Fed Sparks Dash for Cheap Debt With December Hike Back on Tableby
Locking in low borrowing costs before end of zero-rate era
Microsoft to Norfolk Southern decide `good idea to go now'
The Federal Reserve has lit a fire under corporate borrowers who are again faced with the prospect of an interest-rate increase this year.
Companies from Microsoft Corp. to American Express Co. and Norfolk Southern Corp. rushed back to the bond market to lock in cheap borrowing costs before the central bank ends its unprecedented zero-rate era. Fed Chair Janet Yellen and policy makers signaled this week they remain prepared to raise their key rate as soon as their next meeting starting Dec. 15, pushing the perceived odds of a rate increase to 50 percent.
"The message has been sent that if you have issuance planned, it might be a good idea to go now," said Hans Mikkelsen, head of U.S. investment-grade credit strategy at Bank of America Corp. in New York. "You can’t be sure what the market will look like when the Fed starts to raise rates."
Corporate treasurers are finding a rare window after a tumultuous stretch that left debt investors with the worst losses in four years. After a decline of 2.8 percent for the previous six months, dollar-denominated bonds of companies from the most-creditworthy to the riskiest have gained 0.8 percent in October, according to Bank of America Merrill Lynch index data.
Microsoft led the way Thursday with its biggest-ever offering of $13 billion. The seven-part deal eclipsed a mark set just eight months ago by the tech giant as it raises money to repurchase stock and repay existing debt.
American Express raised $1 billion in a two-part deal, while Norfolk Southern issued $600 million of 30-year bonds, its second offering of such debt this year. The issuance is keeping 2015 on pace for a record year, with the 1.41 trillion in dollar-denominated debt sold poised to beat 2014’s record of $1.57 trillion, data compiled by Bloomberg show.
"An earlier rate rise than initially signaled is a strong incentive to issue sooner than later," said Donald Ellenberger, who oversees about $10 billion as head of multi-sector strategies at Federated Investors in Pittsburgh. "There’s been a lot of supply, and there will be more supply coming, there is no doubt about that."
While Fed policy makers on Oct. 28 kept the central bank’s target rate near zero -- where it’s been since 2008 -- they added a reference to the possibility of increasing the rate "at its next meeting" based on "realized and expected" progress in reaching economic-growth goals. They maintained that the economy continues to expand at a "moderate" pace.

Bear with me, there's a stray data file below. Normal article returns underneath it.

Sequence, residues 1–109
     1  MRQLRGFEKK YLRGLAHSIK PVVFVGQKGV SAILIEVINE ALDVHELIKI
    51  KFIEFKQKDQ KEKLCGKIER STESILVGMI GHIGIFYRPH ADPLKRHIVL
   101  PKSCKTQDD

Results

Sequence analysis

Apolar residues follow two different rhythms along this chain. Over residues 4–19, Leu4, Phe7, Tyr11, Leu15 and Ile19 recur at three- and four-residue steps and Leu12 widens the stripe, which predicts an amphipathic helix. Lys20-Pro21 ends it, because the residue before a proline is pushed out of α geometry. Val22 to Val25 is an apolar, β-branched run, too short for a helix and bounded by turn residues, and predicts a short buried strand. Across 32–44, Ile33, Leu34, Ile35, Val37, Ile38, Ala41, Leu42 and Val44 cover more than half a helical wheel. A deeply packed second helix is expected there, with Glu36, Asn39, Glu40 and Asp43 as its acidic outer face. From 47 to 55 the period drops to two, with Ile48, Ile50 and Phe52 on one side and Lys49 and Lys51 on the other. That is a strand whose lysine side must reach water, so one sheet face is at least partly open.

U.S. junk bonds have returned 2.7 percent in October, on pace for the strongest month since 2012, Bank of America Merrill Lynch indexes show. Investment-grade issues gained 0.4 percent.
The cost of borrowing relative to government debt has dropped to the lowest in more than a month, down from a more than three-year high at the start of the month, the index data show. That’s setting up for a busy issuance calendar for the rest of the year, according to Barclays Plc.
It isn’t all smooth sailing for issuers. Microsoft had to pay a 0.18 percentage point premium on its $3 billion offering of 10-year notes, more than the yield on its similar maturity debt in the secondary market on Wednesday. Lannett Co. and its bank, Morgan Stanley, are sweetening terms on a $1.2 billion loan deal to lure investors stung by drug-maker debt following a selloff in Valeant Pharmaceuticals International Inc., according to people with knowledge of the matter. High-yield energy debt, plagued by commodity-market woes, is trading at a yield of 11.86 percent after touching a 7.87 percent low for the year in May.
For Bank of America’s Mikkelsen, a December lift-off isn’t a sure thing because the U.S. economy has yet to return to full strength.
Data Thursday showed gross domestic product, the sum of all goods and services produced in the U.S., rose at a 1.5 percent annualized rate in the third quarter, down from a 3.9 percent pace in the previous three months. Inflation also remains well below the Fed’s 2 percent goal, with its preferred gauge of prices rising by just 0.3 percent in the 12 months through August.
"The Fed will be very data dependent, and it’s clear the U.S. is losing some momentum, " he said.
Barclays’s Mark Bamford pointed to merger-and-acquisition activity at a six-year high, along with the scarcity of alternatives to corporate-bond market, as reasons for issuance to continue at a record pace for the rest of the year.
"The supply demand dynamic still favors the market, and the atmosphere of low growth and low inflation is still good for bonds," said Bamford, the New York-based head of global fixed-income syndicate at Barclays.